Edward is a good boy. My mother called him after the Black Prince.

He and I disgraced ourselves in the eyes of the Cockatoo lady, and it cost the family thirty thousand pounds, which we can ill afford to lose. It was unlucky that she came to luncheon the very day that Edward and I had settled to dress up as Early Britons, in blue woad, and dine off earth-nuts in the shrubbery. As we slipped out at the side door, the yellow chariot drove up to the front. We had doormats on, as well as powder-blue, but the old lady was terribly shocked, and drove straight away, and did not return. Nurse says she is my father's godmother, and has thirty thousand pounds, which she would have bequeathed to us if we had not offended her. I take the blame entirely, because I always made the others play as I pleased.

We used to play at all kinds of things--concerts, circuses, theatricals, and sometimes conjuring. Uncle Patrick had not been to see us for a long time, when one day we heard that he was coming, and I made up my mind at once that I would have a perfectly new entertainment for him.

We like having entertainments for Uncle Patrick, because he is such a very good audience. He laughs, and cries, and claps, and thumps with his crutch, and if things go badly, he amuses the rest.

Ever since I can remember anything, I remember an old print, called "The Happy Family," over our nursery fire-place, and how I used to wonder at that immovable cat, with sparrows on her back, sitting between an owl and a magpie. And it was when I saw Edward sitting with Benjamin the cat, and two sparrows he had brought up by hand, struggling and laughing because Cocky would push itself, crest first, under his waistcoat, and come out at the top to kiss him--that an idea struck me; and I resolved to have a Happy Family for Uncle Patrick, and to act Showman myself.

Edward can do anything with beasts. He was absolutely necessary as confederate, but it was possible Lettice might want to show off with Cocky, and I did not want a girl on the stage, so I said very little to her. But I told Edward to have in the yard-dog, and practise him in being happy with the rest of the family pets. Fred, the farm-boy, promised to look out for an owl. Benjamin, the cat, could have got mice enough; but he would have eaten them before Edward had had time to teach him better, so I set a trap. I knew a village-boy with a magpie, ready tamed.

Bernard, the yard-dog, is a lumbering old fellow, with no tricks. We have tried. We took him out once, into a snow-drift, with a lantern round his neck, but he rescued nothing, and lost the lantern--and then he lost himself, for it was dark.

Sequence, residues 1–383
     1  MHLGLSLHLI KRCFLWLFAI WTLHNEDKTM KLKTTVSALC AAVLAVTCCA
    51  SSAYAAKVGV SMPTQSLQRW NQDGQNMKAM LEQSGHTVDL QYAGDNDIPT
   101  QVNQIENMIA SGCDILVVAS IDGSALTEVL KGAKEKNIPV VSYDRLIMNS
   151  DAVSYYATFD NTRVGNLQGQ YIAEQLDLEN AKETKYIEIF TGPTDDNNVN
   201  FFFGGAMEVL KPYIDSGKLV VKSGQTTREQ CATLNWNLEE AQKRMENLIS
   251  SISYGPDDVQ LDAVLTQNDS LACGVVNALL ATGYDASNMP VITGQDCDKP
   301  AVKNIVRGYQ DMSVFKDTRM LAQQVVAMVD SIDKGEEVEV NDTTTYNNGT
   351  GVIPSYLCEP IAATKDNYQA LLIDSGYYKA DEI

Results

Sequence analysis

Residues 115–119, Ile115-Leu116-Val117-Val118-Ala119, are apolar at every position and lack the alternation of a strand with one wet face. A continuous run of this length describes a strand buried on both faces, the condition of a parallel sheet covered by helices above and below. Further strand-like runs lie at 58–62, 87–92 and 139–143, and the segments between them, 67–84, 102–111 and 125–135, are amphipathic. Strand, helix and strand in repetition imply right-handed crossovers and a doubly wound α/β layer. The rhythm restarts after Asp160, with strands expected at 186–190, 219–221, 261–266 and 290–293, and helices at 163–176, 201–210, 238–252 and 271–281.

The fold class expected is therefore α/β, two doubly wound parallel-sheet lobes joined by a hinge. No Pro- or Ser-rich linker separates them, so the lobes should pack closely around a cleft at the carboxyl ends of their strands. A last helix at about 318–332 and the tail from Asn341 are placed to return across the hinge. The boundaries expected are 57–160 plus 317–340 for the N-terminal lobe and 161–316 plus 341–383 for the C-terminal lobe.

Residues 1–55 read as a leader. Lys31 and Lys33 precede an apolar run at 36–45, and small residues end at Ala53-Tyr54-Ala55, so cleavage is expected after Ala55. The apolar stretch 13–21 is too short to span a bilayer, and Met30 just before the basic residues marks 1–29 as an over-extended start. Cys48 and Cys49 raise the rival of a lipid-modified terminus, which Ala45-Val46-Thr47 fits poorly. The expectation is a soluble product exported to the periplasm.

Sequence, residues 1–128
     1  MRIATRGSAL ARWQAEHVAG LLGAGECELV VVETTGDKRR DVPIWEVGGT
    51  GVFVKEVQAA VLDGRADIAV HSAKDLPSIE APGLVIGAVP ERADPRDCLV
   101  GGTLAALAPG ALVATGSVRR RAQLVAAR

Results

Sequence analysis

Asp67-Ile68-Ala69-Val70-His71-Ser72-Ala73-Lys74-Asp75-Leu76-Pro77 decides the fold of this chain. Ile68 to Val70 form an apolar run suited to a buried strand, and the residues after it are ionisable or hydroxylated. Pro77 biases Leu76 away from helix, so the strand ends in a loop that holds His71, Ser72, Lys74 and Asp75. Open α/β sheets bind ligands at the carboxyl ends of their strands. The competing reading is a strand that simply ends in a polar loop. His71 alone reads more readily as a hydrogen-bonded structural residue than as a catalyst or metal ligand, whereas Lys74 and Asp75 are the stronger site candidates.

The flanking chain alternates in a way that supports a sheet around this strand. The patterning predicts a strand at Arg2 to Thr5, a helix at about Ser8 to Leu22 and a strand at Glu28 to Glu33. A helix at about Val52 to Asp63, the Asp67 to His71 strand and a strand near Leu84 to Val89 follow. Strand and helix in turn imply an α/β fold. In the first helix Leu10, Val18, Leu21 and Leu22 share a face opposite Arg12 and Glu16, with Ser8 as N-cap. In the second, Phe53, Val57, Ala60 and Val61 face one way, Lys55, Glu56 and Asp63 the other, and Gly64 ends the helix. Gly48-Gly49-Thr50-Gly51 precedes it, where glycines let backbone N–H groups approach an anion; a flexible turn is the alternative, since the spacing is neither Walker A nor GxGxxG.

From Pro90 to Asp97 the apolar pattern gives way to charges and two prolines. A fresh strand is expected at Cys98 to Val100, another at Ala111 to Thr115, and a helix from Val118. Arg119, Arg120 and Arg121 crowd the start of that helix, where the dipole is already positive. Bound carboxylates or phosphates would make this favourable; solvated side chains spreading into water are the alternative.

But he is very handsome and good, and I knew, if I put him in the middle, he would let anything sit upon him. He would not feel it, or mind if he did. He takes no notice of Cocky.

Benjamin never quarrels with Cocky, but he dare not forget that Cocky is there. And Cocky sometimes looks at Benjamin's yellow eyes as if it were thinking how very easily they would come out. But they are quite sufficiently happy together for a Happy Family.

The mice gave more trouble than all the rest, so I settled that Lettice should wind up the mechanical mouse, and run that on as the curtain rose.


     "Memor esto majorum."


    .     .     .     .     .

    All my fears are laid aside,
    If I but remember only
    Such as these have lived and died!"


Do you wish to avoid vexations? Then never have a Happy Family! Mine were countless.

Fred could not get me an owl. Lettice did want to show off with Cocky. I had my own way, but she looked sulky and spiteful. I got Tom Smith's magpie; but I had to have him, too. However, my costume as Showman was gorgeous, and Edward kept our Happy Family well together. We arranged that Tom should put Mag on at the left wing, and then run round behind, and call Mag softly from the right. Then she would hop across the stage to him, and show off well. Lettice was to let mother know when the spectators might take their places, and to tell the gardener when to raise the curtain.

I really think one magpie must be "a sign of sorrow," as nurse says; but what made Bernard take it into his beautiful foolish head to give trouble I cannot imagine. He wouldn't lie down, and when he did, it was with a grump of protest that seemed to forbode failure. However, he let Cocky scold him and pull his hair, which was a safety-valve for Cocky. Benjamin dozed with dignity. He knew Cocky wasn't watching for his yellow eyes.

I don't think Lettice meant mischief when she summoned the spectators, for time was up. But her warning the curtain to rise when it did was simple malice and revenge.

I never can forget the catastrophe, but I do not clearly remember how Tom Smith and I began to quarrel. He was excessively impudent, and seemed to think we couldn't have had a Happy Family without him and his chattering senseless magpie.

When I told him to remember he was speaking to a gentleman, he grinned at me.

"A gentleman? Nay, my sakes! Ye're not civil enough by half. More like a new policeman, if ye weren't such a Guy Fawkes in that finery."

"Be off," said I, "and take your bird with you."

"What if I won't go?"

"I'll make you!"

"Ye darsen't touch me."

"Daren't I?"

"Ye darsen't."

"I dare."


"Are you going?"


I only pushed him. He struck first. He's bigger than me, but he's a bigger coward, and I'd got him down in the middle of the stage, and had given him something to bawl about, before I became conscious that the curtain was up. I only realised it then, because civil, stupid Fred, arrived at the left wing, panting and gasping--

"Measter Bayard! Here's a young wood-owl for ye."

As he spoke, it escaped him, fluff and feathers flying in the effort, and squawking, plunging, and fluttering, made wildly for the darkest corner of the stage, just as Lettice ran on the mechanical mouse in front.

Bernard rose, and shook off everything, and Cocky went into screaming hysterics; above which I now heard the thud of Uncle Patrick's crutch, and the peals upon peals of laughter with which our audience greeted my long-planned spectacle of a Happy Family!

       *       *       *       *       *

Our Irish uncle is not always nice. He teases and mocks, and has an uncertain temper. But one goes to him in trouble. I went next morning to pour out my woes, and defend myself, and complain of the others.